Hilarius Hofstede, Dutch Multimedia Artist, Investigates “the Savagery of the Mind”
On first glance, you could probably guess the painterly inspiration for Hilarius Hofstede’s The Scream (2015): It’s Edvard Munch’s 1893 masterpiece of the same name. In Hofstede’s ragged-paper version, however, the screamer’s open mouth is formed by a relic of pop culture: a sticker from vintage vinyl, namely What You Gonna Do About It and Stop Your Sobbin’, the single and its B-side from the Pretenders (the latter is a Kinks cover). The printed wording on the disc itself—“Place coin here if flexible record slips”—is a comical reminder of how far technology and culture as a whole have come since the record was released and since Munch painted his masterpiece.
Born in 1965, Hofstede attended the Ecole Supérieure de Cinéastes in Paris. Early on, he started making paper assemblages, often focusing on primal and animal forms. Now, his oeuvre can be read as a rich, eclectic exploration of language and music, running the range from book-poems to paper works to writings in a magazine he co-founded.
Hofstede’s work can also be read as an exploration of the ongoing tensions in artistic representations of culture and nature, or as an expression of his complex and often uneasy relationship to the postmodern. For his paper version of The Scream, it’s not a stretch to imagine the subject—captured in a moment of distress, mouth agape, in a work that references a classic but also makes light of it—as a stand-in for the artist himself.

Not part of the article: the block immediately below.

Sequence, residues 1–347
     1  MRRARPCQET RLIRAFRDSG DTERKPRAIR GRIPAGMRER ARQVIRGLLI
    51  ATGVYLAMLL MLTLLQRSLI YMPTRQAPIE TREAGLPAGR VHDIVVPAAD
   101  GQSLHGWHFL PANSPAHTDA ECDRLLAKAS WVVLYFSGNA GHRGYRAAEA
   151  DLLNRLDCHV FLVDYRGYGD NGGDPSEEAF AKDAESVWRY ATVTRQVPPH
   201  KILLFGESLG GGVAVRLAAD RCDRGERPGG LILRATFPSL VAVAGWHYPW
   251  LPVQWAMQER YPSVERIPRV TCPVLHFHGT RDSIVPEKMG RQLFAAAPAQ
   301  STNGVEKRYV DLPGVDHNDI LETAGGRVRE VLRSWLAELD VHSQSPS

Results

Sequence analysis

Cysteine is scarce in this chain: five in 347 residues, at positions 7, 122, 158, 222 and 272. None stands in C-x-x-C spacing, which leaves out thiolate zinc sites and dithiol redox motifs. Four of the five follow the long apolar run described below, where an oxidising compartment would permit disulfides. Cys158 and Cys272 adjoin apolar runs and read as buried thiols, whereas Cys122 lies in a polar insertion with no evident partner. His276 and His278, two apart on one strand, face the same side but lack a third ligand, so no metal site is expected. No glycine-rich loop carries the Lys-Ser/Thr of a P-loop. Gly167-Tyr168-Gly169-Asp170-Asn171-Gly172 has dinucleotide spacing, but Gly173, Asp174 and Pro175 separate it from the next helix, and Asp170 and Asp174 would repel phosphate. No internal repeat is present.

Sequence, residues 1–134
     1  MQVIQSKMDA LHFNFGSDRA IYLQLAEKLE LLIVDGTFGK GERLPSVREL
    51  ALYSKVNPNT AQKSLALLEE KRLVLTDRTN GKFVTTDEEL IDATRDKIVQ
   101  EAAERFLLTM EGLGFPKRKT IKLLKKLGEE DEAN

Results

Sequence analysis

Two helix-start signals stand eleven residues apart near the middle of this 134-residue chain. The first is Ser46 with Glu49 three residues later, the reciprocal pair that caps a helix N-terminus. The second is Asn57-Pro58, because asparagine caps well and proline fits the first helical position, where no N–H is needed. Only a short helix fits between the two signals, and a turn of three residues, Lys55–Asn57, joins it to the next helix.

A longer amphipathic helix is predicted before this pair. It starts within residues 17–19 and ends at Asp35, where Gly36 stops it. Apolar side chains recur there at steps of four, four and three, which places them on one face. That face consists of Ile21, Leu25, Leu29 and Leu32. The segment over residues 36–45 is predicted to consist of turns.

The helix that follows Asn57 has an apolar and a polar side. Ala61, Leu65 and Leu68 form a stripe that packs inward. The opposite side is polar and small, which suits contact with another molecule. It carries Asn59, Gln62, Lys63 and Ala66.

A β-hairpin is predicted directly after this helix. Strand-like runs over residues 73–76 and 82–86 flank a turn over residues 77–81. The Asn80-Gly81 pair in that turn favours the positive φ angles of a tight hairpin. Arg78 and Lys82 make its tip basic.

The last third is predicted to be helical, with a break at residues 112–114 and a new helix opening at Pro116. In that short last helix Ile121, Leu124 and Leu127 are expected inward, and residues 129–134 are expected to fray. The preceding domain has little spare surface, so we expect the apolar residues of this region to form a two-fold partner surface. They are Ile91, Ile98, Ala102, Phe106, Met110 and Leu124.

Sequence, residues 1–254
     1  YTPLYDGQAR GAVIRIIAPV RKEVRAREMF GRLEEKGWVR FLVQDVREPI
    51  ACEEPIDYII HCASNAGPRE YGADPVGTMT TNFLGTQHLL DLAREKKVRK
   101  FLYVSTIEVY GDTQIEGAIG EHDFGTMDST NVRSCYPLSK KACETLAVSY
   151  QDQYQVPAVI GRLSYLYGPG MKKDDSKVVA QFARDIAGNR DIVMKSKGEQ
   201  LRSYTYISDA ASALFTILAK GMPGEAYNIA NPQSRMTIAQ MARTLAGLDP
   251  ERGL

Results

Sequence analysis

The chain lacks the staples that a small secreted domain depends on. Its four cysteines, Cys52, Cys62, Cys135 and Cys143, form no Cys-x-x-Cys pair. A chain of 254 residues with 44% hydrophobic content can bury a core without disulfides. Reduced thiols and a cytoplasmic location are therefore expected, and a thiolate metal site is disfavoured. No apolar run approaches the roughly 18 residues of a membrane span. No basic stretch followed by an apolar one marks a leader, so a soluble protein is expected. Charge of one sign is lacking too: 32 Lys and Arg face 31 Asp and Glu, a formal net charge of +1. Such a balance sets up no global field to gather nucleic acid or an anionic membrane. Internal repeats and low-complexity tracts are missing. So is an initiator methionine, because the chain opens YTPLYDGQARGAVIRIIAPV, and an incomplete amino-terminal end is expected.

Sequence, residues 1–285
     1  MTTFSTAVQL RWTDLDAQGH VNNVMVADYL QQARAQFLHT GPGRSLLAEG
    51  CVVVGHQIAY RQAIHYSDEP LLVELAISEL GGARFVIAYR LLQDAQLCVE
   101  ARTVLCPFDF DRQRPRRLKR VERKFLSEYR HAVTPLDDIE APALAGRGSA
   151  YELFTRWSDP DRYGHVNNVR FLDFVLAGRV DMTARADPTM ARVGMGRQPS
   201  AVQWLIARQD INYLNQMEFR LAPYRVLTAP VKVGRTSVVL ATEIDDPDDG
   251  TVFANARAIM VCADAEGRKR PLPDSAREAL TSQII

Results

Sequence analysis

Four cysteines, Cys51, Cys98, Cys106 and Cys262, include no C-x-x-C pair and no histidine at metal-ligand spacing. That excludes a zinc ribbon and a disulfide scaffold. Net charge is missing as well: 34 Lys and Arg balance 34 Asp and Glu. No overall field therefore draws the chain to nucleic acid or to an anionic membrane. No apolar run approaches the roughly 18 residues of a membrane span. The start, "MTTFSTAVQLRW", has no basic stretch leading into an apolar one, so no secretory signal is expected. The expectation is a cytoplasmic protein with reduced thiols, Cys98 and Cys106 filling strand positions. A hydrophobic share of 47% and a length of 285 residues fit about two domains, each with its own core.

Hofstede came of age in Amsterdam at a time when the city was emerging as a nexus of the conceptual avant-garde, a milieu that fostered artistic rebellion and questioning of the norm. With that in mind, Hofstede created some of his works under the moniker “Paleo Psycho Pop,” and, in 2015, he created the concept and wrote the lyrics for an album of music called Allergy for the U.S.
Still, in all these mediums, drawing remains crucial to Hofstede. “More than the brushstroke,” he once said, “the drawing process communicates the territory of dream, and in my case, the savagery of mind.”